TFTH SPECIAL EDITION TR - Dog Day Ski Adventure, 1/31/12
Every ski story should start with a happy dog picture, if only to illustrate the local snow conditions.
Do you do warm up exercises before skiing? I accomplish this by walking the dog and playing a rousing game of "ice chunk." In this game, the human finds a suitably-sized piece of snowplow debris, taunts the dog with it, and then hurls it over the snowbank.
The dog then leaps up the snowbank and tries to retrieve the ice chunk. Generally, there is a lot of frantic digging involved. Sometimes he runs around in sub-freezing temperatures with the chunk clamped in jaws. This blows my mind.
Once Telemark Dave arrived, we had to do some fiddling with bindings, because, as we all know, fiddling with bindings is an essential element of telemark skiing.
Finally, our weapons of powder slayage were ready to load into the Taco. Harken back to the time when a ski like the Rossi T4 was considered "fat." They look positively svelte compared to TD's shiny new Elan Boomerangs, which, despite their 195 cm length and 140-120-130 dimensions, seem to slarve on a dime.
It's only a 10 minute drive from SBRHQ to the trailhead for this particular destination, so, despite various delays, we arrived before the snowplow. I figured that he would just plow us in and I would drive out, thanks to 4WD. Right after we got our ski boots on, the plow arrived, stopped, beeped at us, and indicated that the truck was in his way. It was at this point I learned that I cannot drive a five-speed in four-buckle plastic tele boots.
Editor's note: picture taken later - I did not want to annoy the plow guy any more than he already was. You can only take Trip Reporting so far.
Fortunately, we had been chatting with a local resident, and acquaintance of TD, who was out walking his dogs and had come over to see what we were up to. "Hey, Matt, can you drive a stick-shift?," I yelled above the plow's thundering diesel. Waving madly at the plow driver and pointing at my boots, I offered to hold one the dogs, while TD held the other. Happily, Matt complied. I cannot imagine the blood pressure spike of snowplow guy had I sat there and changed footwear.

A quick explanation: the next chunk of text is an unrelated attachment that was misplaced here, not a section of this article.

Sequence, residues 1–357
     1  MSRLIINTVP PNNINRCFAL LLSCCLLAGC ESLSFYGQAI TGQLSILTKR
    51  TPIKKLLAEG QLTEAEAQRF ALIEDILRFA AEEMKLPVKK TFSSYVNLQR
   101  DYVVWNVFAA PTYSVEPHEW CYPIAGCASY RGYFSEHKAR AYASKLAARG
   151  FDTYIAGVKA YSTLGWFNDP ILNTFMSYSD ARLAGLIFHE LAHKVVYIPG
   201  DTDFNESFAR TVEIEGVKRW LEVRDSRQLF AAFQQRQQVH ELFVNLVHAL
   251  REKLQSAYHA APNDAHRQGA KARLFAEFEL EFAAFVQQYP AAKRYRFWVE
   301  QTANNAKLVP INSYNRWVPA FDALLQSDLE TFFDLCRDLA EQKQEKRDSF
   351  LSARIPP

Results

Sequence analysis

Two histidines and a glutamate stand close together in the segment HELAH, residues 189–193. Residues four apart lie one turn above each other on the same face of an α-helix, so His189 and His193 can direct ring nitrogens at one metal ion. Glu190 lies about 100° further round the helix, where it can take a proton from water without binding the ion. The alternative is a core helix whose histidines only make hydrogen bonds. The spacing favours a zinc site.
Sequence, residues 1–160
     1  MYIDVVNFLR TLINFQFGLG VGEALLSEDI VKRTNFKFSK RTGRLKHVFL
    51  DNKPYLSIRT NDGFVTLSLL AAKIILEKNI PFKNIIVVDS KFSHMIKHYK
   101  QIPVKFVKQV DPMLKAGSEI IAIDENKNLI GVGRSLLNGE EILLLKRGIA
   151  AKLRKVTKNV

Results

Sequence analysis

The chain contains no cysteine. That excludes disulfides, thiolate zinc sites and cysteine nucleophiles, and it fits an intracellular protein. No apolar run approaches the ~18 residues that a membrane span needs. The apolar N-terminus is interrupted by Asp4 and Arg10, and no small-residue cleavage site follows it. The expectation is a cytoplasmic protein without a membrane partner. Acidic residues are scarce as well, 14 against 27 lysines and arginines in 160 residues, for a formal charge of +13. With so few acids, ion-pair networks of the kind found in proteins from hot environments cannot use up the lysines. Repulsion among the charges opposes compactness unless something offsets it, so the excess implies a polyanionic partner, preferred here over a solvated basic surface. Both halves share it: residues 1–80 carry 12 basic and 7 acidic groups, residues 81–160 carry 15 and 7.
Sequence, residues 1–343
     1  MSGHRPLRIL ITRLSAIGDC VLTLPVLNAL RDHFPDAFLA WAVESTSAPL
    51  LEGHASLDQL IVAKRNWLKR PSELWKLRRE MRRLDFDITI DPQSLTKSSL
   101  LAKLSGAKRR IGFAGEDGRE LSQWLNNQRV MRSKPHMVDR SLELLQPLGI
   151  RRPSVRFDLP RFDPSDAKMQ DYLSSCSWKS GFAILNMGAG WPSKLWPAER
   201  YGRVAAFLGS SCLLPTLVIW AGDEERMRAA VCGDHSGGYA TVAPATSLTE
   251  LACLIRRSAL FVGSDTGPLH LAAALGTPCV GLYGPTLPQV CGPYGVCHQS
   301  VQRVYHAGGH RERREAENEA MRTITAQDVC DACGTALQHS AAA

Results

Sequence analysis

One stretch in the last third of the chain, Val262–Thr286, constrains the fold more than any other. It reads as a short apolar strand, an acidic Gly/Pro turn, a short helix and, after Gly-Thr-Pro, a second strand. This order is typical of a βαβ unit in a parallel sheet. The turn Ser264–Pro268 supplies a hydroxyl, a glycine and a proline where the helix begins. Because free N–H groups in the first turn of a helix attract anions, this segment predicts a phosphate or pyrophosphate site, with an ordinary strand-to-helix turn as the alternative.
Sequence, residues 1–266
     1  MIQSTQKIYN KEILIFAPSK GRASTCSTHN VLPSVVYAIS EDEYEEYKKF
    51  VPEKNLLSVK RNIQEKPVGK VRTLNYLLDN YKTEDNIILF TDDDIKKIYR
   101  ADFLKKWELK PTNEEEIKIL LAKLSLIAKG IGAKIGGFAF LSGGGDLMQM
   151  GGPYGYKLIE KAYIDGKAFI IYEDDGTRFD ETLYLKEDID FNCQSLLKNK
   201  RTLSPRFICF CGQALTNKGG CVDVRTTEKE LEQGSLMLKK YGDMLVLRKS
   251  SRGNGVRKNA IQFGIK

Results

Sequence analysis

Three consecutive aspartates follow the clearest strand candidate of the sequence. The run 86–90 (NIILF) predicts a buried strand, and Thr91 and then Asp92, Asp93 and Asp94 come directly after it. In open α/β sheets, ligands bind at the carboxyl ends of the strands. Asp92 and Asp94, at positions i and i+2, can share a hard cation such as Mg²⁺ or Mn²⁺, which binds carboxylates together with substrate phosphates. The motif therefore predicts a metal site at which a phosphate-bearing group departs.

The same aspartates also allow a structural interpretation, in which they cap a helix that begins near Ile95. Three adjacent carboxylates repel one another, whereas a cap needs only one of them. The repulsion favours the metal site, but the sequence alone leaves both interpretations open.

Maverick the husky was not impressed. Especially when I had to push her through the bars of the road gate when plow dude hollered at us again. I think he was power-tripping at that point but resistance would have been futile.
The truck safely parked again, we installed our skinny skins. They work well enough for our application, and hey, skins are expensive.
SBR taking yet another picture. It was the first outing for my snazzy new K2 Sentinel ski pack, which has a very handy camera pocket on the hip belt. It was a good deal and ninja-turtle green was the only colour choice.
All the ski talk got Matt inspired, so he returned home, got his skijoring rig and quickly caught up to us. Of course, he was in a bit of a hurry since he had to finish delivering the mail.
The dogs were primed to run so Matt couldn't chat long. This got us thinking - what great way to get around in the backcountry! Except that I would need about 12 versions of Utah to pull me around.
Eventually, we arrived at The Pipeline. We call it that that because, well, that's what it is: a big natural gas pipeline runs under that hill on looker's right. To think that we might have skied over the gas that is heating your home! TD's tracks from the other day are still visible.
If you want to go down, you first have to go up. No chairlift here and we blew our heli budget on new skis.
The conditions were very surfy, especially when your skis are like surfboards. Mega-thanks to the pipeline workers who clear-cut all the brush off the hill back in the fall. You can pretty much open it up and ski the whole hill, as long as you avoid the big rocks here and there.
And up we went again.
Look, I'm up to my knees in snow! And wearing my lucky Raven Ski Club hat, which I have had since I was 14. Unlike the rest of me, my head has not expanded too much, so it still fits.
At the summit, there was further fiddling to be done.
Some of the big rocks you need to avoid. Makes a nice focal point for a powder turn, doesn't it?
"Hey look, an eagle!" Another highlight of the day was seeing a bald eagle fly overhead. Eagles are a rare sight in our neck of the woods. Don't bother looking for the bird in the picture, it's not there.
Another nice surfy turn by Telemark Dave. He forgot his iPhone, so there are no pics of me.
It's kind of nice having one's own private powder bowl. All these turns are ours. When we tell most other people (especially skiers) about this kind of activity, they just scratch their heads in disbelief. Oh well, more snow for us!
Well, it's looking a little skied out, maybe we should call it a day.
The ski out was made easier by the rising temperature - we actually got some glide out of the skins.
One disadvantage of mega-fat skis. They hold a lot of snow and get pretty heavy.
Thanks for tuning in to this special edition of Tales From The Hinterland. We'll keep you posted on further developments...
Re: TFTH SPECIAL EDITION TR - Dog Day Ski Adventure, 1/31/12
Yet Another well spun yarn from the Hinterland SBR !! Luv the zeal my man.. The pics and humor are much appreciated 'specially for those of us who are living in the Ice Palace that exists along the Mighty St . Lawrence . Nice doggy shots too and that vert looks pretty fair for the amt of 'dumpage " the Hinterlandia received .
well crafted report sir, well played !
Life ain't a dress rehearsal: Spread enthusiasm , avoid negative nuts.